Privacy and Light on a Small Lot
With a durable exterior and a surprising daylit interior, this neighborhood home remains private even as its walls fold open onto a neat courtyard.
Synopsis: This small lot offers a lot. Architect David Hall managed to design a daylit house, a two-car garage, a woodshop, and an outdoor room on this 75-ft. by 100-ft. site in Anacortes, Wash. Privacy is virtually guaranteed, thanks to the seclusion offered by a courtyard surrounded by outbuildings. The house, meanwhile, has walls of windows that open onto the yard. It pulls in more light through a 22-ft.-long ridge-top skylight, which illuminates the home’s oval core. That’s where the kitchen and baths are located, letting the rooms that most benefit from natural light to hug the exterior walls.
When Sue Mason and Richard Roth decided to leave Anchorage and move south to the Lower 48 for their retirement years, they didn’t stray far from the sea. Experienced mariners, they decided to build a home on a vacant lot they owned in Anacortes, Wash., gateway to the San Juan Islands. Minutes from Puget Sound, the 75-ft. by 100-ft. lot is tucked into an established neighborhood. After living on boats, Sue and Richard were accustomed to getting maximum use out of every available bit of space. That’s exactly what we would have to do to squeeze a sunlit house, a two-car garage, a woodshop, and an outdoor room onto this small lot.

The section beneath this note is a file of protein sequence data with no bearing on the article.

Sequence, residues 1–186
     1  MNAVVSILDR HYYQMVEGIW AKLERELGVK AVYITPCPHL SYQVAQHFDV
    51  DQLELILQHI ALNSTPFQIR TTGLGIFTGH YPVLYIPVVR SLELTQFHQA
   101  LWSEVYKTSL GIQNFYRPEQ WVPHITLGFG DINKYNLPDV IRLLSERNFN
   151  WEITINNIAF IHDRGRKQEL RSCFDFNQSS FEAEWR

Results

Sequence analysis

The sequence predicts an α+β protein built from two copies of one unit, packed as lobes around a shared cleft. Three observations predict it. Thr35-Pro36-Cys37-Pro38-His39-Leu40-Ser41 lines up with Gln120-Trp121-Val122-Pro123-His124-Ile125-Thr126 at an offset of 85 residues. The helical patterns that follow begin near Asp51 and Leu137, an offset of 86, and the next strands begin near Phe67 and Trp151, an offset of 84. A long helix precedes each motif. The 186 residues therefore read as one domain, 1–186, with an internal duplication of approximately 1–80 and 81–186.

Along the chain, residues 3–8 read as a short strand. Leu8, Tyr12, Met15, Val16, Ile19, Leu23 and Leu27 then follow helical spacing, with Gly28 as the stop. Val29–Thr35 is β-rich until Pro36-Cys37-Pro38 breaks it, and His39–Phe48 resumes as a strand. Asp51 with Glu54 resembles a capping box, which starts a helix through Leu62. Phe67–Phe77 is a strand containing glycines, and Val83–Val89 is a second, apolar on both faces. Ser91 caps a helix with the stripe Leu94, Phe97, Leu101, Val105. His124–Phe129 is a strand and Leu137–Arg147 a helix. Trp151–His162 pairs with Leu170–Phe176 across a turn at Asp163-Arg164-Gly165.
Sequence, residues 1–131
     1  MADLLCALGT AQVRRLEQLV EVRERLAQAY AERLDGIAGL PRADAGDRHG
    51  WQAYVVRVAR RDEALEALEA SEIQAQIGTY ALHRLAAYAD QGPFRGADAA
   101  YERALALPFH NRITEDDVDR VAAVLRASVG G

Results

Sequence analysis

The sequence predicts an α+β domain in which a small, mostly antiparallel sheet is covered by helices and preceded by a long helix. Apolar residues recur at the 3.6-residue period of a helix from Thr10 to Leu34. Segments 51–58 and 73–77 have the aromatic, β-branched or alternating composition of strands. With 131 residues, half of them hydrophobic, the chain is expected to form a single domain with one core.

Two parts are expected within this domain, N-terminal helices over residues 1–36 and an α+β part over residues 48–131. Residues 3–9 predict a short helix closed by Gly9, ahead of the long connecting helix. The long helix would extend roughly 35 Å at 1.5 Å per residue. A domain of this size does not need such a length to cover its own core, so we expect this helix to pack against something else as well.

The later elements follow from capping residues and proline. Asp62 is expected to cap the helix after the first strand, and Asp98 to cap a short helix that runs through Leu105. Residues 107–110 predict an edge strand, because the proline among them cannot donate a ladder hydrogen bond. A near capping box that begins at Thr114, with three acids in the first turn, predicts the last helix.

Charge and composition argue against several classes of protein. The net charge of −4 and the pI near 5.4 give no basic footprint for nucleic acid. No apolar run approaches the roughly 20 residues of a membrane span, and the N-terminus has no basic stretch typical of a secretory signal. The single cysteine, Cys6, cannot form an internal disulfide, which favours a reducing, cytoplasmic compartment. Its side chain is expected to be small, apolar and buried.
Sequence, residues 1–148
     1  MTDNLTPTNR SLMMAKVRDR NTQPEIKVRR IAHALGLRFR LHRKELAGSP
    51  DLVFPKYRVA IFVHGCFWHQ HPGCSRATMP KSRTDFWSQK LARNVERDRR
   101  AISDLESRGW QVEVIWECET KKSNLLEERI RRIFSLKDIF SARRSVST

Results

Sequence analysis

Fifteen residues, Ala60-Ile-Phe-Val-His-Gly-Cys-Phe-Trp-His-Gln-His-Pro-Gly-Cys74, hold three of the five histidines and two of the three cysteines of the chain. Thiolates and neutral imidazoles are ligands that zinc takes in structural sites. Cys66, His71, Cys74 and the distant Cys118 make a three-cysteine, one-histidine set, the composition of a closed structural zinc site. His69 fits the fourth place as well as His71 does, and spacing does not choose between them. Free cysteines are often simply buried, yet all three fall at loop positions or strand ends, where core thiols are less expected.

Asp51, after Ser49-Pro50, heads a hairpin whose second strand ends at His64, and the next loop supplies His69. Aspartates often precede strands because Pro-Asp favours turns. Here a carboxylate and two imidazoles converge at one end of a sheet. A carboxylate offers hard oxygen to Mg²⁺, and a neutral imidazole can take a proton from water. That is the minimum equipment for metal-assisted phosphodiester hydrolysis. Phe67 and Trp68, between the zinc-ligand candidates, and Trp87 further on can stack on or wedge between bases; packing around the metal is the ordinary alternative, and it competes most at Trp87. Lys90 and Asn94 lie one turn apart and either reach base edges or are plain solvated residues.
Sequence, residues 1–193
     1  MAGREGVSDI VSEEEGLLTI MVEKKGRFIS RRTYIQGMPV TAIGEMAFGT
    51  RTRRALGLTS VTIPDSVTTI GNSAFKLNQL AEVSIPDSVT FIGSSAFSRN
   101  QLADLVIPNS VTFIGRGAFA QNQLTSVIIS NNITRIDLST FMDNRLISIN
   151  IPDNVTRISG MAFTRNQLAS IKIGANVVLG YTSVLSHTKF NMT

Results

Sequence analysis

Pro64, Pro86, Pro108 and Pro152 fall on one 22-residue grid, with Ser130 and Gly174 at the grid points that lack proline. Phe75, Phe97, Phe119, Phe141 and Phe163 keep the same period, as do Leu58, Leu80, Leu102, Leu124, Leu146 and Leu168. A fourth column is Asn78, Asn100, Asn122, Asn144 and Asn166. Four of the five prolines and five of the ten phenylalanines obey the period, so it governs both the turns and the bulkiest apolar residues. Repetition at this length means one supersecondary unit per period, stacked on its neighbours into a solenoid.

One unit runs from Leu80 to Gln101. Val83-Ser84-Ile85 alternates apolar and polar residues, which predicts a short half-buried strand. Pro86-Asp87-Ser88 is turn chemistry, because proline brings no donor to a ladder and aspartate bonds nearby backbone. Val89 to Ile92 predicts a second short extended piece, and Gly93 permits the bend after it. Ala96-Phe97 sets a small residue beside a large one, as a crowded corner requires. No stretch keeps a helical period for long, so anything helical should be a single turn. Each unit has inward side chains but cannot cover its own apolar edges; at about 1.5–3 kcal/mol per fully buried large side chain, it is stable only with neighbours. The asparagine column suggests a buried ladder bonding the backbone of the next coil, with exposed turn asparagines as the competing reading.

Like the proverbial ring of wagons creating a protected zone at its center, the house, the shop, and the garage encircle the yard. The house fronts the street, while the two-car garage and the 600-sq.-ft. woodshop border the back of the lot, accessed by an alley. In between lies a sheltered courtyard. On sunny days, Sue and Richard swing open the folding doors in the dining and living areas to mingle house and yard. A fountain plays water music to muffle neighborhood sounds.